I feel like I'm living in fear every day of letting the people I love most down. There are men out there who are ultra-capable. Men who will always have great jobs, and never lose their self-confidence. Men who know that their children will never lack for anything. I'm most definitely not one of those men. I can't do a lot of things well, and with the economy getting sourer and sourer, I live in constant fear of losing my job, and having to come home and look in the big eyes of my children and tell them that they're going to have to tighten their belts, because we'll be out of food soon.

It's hard to be responsible for someone. My wife could get by, but my children need me, they depend on me one hundred percent, without even knowing it. It's no wonder that there are so many deadbeat dads out there. It's so much easier to quit and run away than to keep going sometimes. It seems like that's all we hear about in the movies anymore, so it's nice to see the (almost unheard of) father who never quits on his child and will do anything for him.

As a father that lives in constant fear of failure and its consequences, the most resonant scene in the film to me is when the pelican, Nigel, is talking to Nemo about the adventures his father has been going through to find him. Nemo; who has never had a very high opinion of his father, considering him timid and overprotective; hears Nigel say that his father took on a shark. "It couldn't be my father," he says, "my dad's afraid of sharks, he would never have taken one on."

Then Nigel looks at Nemo, and with a flair meant to put the same respect that he feels for Marlin into the heart of his son he says, "I heard he took on three." Every man wants to be that father that is idolized by his child. Marlin already deserved it for having brought this kid up on his own, but his feats of bravery in the search for his missing child are what finally convince Nemo just what kind of a father he has. It's a beautiful moment, and my eyes mist up everytime I see it.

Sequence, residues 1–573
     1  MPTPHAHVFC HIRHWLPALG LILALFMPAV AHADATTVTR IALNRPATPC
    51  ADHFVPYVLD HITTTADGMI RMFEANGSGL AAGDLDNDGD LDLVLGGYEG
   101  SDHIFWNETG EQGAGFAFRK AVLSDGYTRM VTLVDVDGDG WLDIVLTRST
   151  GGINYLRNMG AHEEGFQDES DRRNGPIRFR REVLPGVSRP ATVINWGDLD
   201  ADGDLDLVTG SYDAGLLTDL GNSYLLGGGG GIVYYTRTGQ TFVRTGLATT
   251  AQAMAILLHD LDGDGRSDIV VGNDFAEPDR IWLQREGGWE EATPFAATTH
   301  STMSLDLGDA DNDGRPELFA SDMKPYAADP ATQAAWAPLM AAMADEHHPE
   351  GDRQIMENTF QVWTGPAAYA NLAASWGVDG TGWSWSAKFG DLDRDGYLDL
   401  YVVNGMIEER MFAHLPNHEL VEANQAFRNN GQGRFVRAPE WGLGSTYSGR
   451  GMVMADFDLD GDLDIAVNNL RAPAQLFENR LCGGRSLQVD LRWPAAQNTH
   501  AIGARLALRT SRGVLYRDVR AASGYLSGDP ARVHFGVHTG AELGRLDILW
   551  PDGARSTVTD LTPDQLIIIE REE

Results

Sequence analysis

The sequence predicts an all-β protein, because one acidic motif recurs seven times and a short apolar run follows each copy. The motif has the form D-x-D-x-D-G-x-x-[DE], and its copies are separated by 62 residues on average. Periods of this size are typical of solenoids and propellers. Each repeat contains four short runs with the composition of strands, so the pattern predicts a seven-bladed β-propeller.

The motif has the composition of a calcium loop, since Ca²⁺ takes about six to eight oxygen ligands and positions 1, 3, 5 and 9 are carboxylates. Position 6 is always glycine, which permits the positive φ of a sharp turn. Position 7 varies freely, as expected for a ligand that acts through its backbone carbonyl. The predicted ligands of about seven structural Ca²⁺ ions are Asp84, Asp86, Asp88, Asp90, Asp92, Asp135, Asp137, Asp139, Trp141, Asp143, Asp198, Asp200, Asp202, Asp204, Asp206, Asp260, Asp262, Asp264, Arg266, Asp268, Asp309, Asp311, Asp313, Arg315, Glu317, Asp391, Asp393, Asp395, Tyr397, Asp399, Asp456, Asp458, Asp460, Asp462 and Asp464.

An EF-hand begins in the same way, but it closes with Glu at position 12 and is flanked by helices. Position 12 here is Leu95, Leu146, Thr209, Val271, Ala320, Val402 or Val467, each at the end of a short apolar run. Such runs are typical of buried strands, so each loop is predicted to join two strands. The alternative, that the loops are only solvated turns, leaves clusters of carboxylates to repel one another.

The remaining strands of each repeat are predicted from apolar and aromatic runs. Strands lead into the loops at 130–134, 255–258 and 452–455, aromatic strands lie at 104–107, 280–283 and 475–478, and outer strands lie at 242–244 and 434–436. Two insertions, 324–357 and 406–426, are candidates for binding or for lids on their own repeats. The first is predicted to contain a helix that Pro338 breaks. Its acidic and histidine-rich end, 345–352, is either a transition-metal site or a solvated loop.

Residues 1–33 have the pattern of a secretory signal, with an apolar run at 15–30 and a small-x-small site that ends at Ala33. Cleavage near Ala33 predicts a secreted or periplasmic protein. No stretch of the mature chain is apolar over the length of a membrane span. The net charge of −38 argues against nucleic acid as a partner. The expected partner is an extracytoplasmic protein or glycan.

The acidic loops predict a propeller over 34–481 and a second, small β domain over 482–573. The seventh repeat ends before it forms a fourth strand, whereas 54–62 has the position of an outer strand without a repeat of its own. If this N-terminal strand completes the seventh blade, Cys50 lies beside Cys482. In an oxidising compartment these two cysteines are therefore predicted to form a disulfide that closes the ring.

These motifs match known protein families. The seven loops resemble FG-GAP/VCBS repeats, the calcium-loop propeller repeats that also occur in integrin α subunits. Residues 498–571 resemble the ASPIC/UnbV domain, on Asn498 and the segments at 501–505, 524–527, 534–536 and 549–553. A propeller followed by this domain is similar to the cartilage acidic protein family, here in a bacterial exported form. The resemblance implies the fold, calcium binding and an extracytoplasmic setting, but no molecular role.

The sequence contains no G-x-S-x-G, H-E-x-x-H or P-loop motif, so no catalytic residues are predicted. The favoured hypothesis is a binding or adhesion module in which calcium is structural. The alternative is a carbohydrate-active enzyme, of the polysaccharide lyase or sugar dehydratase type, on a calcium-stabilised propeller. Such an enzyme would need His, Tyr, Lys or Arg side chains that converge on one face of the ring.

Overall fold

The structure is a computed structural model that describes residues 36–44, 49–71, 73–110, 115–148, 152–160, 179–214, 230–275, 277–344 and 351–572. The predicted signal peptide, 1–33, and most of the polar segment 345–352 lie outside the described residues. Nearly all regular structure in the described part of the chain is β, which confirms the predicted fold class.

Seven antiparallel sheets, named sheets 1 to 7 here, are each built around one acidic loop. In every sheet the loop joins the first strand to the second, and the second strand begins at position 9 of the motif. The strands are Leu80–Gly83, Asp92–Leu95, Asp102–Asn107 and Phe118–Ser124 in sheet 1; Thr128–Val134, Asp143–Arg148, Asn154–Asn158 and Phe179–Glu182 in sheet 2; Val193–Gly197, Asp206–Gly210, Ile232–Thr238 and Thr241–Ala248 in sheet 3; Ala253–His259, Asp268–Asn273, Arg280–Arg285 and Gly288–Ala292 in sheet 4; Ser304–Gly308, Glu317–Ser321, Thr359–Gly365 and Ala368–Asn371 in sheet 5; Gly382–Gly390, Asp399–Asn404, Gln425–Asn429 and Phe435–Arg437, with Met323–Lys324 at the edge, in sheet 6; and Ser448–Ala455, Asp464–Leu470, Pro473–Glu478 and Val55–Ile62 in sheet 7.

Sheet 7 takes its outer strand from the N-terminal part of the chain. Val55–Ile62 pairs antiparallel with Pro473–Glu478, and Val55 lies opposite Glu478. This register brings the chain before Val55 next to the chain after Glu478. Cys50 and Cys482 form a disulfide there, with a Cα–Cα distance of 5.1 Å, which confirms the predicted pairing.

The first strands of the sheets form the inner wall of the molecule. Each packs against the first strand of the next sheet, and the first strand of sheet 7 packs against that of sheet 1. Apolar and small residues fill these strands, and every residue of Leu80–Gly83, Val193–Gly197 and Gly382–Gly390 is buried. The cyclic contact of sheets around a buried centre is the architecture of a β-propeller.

I could go on and on, I suppose, (this is already nearly as long as my last short story) and talk about the lesson that Marlin, the father of the film, learns. You have to let go and allow your children to grow up. It's a hard lesson to learn. Especially these days, when your child could be kidnapped by a psycho, or hit by a driver who's texting her friend about how awful the dress that Celine Dion wore to the Grammys was, or get buried in loose dirt at the construction site he was playing in, or get involved in any number of society's ills from drugs to sexual promiscuity to skateboarding. The news has stories every night about children dying in this accident or that accident. I remember the freedom that I had growing up, and compare it to what my children have to deal with, and it makes me sad. As Sting told us, "If you love someone, set them free," but when are they old enough to do that? Anyway...oh shoot, I wasn't going to go on and on about this.

So, now you know that Finding Nemo is my favorite of all the marvelously clever and creative Pixar films. To be the best of Pixar, it really has to be a great film, because every Pixar film so far has been a triumph. If you've never seen it, I highly recommend you do so. You may not have the same reaction to it that I do, but you'll still not be disappointed, no matter what. It's a great film.

1 comment:

  1. I nearly watched all of FINDING NEMO with a rather attractive female until I got c-blocked. If I hadn't been, though, that would be a cool story to tell around campfires.